- Dupe your pets into acting as hot water bottles. Use food and pats as a lure, or (if yours is a more independent feline) cover yourself in catnip.
- Get your energy organically – with push ups and sit ups. The person who suggested this says ‘it’s green, and it keeps me lean’, which makes us think that they might actually do it. Bravo, Hercules.
- Add to the adventure – read to your kids by torchlight. Imagine how much more fun it must be for them to get lost in Harry Potter world by the magical half-light of a camping torch.
- Use physics to cool down your house. One reader manufactured the perfect air condition in their home to get a consistent end-to-end airflow. Try opening and closing doors and windows to see if you can get a current of cool air breezing
through your place.
- Read the weather report. If you’ve got solar panels and the sun’s shining tomorrow, see how many appliances you can use to make best use of the electricity you’re generating for free.
- Turn off things at the switch. Is it annoying? Yes. Will it make a difference? Also yes.
- Power (saving) in numbers. One reader said they compare bills with their neighbours and whoever has the highest usage each quarter buys everyone else dinner. Sometimes victory is sweet, sometimes it tastes like pizza.
- Vacuum your refrigerator coils. This tip wins the prize for being the least exciting, but it’ll help your fridge release heat more efficiently.
- Insulate your hot water pipes. Your hot water loses heat while it’s on its way to you, particularly if it’s cold outside. So if you can, give the pipes a winter jacket.
- Fill your freezer – even if it’s just with ice blocks. It takes up room where hot air would normally get in (that your freezer would have to cool down again). And on those really hot days, you can take one out, cling
to it and dream of snow.
- Keep blankets close in winter. If there’s one at your feet, the heater will become a much less compelling option.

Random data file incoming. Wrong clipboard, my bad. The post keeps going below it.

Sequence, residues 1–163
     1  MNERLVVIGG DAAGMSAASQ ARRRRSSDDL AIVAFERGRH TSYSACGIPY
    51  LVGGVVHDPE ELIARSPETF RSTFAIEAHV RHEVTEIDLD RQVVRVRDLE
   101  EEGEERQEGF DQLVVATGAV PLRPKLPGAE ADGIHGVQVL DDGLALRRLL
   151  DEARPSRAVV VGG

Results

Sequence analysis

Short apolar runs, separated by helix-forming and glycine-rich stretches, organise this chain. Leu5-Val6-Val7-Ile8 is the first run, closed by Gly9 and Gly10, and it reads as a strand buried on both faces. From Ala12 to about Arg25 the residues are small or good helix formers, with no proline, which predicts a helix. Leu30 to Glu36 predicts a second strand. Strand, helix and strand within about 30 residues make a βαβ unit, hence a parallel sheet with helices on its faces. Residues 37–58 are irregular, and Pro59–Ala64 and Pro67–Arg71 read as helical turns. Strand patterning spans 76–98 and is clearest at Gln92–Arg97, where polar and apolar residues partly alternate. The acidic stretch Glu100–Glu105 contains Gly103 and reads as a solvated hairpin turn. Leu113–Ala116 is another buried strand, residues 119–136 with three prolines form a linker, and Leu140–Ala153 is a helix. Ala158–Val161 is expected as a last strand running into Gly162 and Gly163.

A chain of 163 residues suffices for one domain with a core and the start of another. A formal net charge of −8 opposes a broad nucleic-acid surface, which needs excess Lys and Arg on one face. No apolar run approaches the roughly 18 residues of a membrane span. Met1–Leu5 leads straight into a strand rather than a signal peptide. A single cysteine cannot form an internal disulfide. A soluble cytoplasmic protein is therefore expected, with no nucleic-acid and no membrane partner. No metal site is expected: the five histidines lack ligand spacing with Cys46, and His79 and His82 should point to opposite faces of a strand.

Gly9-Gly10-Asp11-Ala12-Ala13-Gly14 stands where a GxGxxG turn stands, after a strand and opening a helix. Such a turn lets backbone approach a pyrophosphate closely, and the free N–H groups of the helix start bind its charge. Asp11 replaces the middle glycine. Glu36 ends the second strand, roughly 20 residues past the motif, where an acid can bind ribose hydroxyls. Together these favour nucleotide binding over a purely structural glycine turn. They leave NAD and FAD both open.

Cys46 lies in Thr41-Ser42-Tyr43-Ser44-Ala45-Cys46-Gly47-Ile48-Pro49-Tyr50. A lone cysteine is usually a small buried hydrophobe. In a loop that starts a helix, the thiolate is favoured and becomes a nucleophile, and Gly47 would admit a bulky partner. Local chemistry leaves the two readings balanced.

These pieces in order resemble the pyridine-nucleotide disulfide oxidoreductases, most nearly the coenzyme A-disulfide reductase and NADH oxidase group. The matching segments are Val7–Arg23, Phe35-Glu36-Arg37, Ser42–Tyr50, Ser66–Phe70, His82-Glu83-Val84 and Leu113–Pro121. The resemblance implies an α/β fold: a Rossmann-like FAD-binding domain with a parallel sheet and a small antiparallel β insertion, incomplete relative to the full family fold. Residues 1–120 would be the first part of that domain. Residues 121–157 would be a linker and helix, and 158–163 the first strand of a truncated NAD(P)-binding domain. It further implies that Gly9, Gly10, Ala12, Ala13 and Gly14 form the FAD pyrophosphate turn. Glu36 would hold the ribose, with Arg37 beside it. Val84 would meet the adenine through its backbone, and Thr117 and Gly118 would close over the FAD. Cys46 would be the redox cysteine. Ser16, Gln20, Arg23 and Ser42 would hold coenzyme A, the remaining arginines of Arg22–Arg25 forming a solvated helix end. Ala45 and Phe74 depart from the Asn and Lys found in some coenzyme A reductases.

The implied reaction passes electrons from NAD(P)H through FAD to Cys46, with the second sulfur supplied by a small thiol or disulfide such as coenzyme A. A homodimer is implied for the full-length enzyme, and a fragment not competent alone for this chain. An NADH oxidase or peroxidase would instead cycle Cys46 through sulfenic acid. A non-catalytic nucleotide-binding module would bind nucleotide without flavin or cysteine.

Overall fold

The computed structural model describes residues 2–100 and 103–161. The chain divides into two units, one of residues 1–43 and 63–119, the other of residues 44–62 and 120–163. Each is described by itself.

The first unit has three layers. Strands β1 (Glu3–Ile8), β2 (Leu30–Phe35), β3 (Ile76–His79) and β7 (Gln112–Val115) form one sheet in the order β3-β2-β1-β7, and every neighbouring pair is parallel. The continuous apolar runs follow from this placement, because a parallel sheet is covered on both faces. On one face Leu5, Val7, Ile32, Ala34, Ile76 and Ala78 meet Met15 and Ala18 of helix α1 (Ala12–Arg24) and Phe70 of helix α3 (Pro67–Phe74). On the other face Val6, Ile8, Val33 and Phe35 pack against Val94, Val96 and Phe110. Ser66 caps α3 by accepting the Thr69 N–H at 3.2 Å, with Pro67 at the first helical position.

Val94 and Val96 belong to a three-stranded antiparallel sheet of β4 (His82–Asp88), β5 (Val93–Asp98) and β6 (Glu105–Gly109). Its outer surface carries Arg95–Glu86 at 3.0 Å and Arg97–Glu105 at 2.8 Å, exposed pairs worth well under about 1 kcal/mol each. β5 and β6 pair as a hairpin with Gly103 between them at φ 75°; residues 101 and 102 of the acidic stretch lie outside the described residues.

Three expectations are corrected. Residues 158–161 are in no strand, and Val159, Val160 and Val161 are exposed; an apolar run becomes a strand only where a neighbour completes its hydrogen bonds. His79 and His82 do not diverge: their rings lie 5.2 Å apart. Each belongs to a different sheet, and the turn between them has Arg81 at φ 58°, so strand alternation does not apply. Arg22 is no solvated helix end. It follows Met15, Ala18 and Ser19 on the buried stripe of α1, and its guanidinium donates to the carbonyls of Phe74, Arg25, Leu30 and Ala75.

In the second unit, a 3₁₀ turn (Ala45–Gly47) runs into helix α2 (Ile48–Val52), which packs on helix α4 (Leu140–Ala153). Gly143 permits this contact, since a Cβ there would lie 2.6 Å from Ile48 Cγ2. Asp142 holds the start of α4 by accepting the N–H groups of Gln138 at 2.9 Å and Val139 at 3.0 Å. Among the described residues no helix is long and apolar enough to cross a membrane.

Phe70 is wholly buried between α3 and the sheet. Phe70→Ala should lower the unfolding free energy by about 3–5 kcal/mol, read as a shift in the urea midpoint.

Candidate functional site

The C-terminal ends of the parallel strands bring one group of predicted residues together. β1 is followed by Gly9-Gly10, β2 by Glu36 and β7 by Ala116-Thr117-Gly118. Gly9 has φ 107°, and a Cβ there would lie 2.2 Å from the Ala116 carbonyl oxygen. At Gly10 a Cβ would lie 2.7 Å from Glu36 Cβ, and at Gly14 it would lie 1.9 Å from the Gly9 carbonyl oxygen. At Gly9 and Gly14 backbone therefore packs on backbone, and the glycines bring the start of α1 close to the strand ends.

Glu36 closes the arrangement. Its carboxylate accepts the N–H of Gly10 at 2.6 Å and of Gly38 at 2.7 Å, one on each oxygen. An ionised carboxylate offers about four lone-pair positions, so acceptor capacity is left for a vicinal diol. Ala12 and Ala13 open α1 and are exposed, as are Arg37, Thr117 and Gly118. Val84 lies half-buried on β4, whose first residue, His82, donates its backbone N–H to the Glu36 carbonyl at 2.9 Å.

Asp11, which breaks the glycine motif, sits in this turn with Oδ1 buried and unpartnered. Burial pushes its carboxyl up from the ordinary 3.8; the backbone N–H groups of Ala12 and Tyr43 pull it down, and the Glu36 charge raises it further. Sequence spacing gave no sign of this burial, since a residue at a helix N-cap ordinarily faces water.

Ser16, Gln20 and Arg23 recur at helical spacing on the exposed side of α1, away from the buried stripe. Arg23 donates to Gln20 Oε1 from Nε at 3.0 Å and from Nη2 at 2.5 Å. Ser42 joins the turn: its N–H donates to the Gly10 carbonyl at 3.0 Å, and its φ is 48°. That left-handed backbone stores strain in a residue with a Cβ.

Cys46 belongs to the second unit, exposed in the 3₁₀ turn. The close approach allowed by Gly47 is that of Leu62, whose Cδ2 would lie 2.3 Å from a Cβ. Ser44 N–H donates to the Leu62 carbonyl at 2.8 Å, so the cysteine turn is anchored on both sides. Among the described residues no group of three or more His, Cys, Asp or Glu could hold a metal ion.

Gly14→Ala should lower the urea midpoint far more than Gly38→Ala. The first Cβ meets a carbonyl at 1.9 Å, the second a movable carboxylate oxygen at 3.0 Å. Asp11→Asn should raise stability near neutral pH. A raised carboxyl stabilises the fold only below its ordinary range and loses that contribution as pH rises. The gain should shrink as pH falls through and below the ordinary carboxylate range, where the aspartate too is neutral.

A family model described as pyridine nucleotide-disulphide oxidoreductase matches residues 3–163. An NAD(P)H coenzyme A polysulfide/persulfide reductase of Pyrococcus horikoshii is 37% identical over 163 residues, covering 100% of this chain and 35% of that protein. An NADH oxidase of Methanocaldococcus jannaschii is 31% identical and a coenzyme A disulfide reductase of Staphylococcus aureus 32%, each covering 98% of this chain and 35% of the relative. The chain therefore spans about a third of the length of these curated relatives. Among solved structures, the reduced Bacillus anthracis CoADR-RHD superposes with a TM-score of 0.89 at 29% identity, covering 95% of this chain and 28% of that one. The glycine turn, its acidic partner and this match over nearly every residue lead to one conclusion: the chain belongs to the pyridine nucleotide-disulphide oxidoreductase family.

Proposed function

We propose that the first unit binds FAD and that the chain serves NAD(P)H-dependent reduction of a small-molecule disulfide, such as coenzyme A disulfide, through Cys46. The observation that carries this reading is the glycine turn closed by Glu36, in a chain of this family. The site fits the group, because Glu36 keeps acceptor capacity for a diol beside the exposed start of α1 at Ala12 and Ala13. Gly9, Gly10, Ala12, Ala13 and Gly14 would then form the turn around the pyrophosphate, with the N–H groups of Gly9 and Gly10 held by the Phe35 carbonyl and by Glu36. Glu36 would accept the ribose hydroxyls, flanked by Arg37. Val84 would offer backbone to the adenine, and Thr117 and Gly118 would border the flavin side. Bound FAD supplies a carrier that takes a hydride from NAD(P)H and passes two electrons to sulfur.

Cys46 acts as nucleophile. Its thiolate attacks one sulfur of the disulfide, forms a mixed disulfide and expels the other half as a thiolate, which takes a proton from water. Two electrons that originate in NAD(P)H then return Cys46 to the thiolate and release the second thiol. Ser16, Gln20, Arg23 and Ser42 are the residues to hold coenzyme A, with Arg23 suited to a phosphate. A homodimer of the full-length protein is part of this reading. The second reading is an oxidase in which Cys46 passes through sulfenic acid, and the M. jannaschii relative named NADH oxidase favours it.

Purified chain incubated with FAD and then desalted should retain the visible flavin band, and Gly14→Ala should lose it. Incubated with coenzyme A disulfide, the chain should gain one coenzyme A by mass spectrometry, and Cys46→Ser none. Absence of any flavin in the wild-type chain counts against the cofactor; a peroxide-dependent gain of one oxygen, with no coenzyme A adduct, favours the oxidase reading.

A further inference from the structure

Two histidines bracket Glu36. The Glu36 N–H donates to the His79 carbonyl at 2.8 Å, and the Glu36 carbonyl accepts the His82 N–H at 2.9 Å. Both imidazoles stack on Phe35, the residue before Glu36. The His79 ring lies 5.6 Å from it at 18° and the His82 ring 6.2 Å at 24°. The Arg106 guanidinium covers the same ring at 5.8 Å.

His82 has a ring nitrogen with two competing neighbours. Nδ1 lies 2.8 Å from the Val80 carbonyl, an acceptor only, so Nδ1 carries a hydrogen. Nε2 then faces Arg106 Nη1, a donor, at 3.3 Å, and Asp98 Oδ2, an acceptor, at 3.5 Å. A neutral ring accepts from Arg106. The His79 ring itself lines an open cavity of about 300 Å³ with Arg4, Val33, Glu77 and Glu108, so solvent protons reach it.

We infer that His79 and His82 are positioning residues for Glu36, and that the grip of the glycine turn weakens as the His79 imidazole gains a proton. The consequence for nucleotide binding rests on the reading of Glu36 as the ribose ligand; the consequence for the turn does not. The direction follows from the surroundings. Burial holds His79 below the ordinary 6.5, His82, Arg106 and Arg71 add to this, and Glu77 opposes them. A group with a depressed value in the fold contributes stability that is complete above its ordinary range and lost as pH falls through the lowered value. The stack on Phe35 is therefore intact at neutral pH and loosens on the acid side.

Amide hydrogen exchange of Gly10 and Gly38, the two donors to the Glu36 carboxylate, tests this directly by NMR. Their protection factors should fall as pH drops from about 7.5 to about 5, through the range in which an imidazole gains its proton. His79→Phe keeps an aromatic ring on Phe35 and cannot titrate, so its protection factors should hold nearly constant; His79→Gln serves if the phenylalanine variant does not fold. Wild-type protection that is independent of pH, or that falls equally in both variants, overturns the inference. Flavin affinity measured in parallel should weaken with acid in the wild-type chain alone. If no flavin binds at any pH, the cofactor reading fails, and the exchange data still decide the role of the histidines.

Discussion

- If your room gets dark a little sooner than you’d like, see if there’s somewhere you can put a mirror that can catch the sun and reflect it back in.
- Let your dishwasher fill up before running it. If this usually takes a few days, make sure everything gets a quick rinse before going in (having teenagers increases the difficulty level on this last part).
- If you’re big on caffeine, get a big thermos to match. Making one batch of tea or coffee helps you avoid boiling the kettle over and over throughout the day.
- Block your chimney. After all, it’s there to warm you up, not let a draught in. So as soon as winter’s over, put a cover over your fireplace, or get a chimney balloon or draught stopper.
- If you need to use a dryer, clean out the filter before every use.
- Close the curtains. Did you know up to 40% of your home’s heat can escape through them?
- Hit the road. Not just because you’re at the end of this section, but because getting out of the house for a few days of camping means you’ll spare it a couple of days of energy use.
Low cost, high impact
If you’re ready to start putting a bit of cash behind it here are the small investments people have made that have changed things for the better on their bill.
- Make it glow in the dark. One person painted rocks in their backyard with glow-in-the-dark paint. Now they absorb sunlight during the day and give their garden a soft light through the evening. Ambient.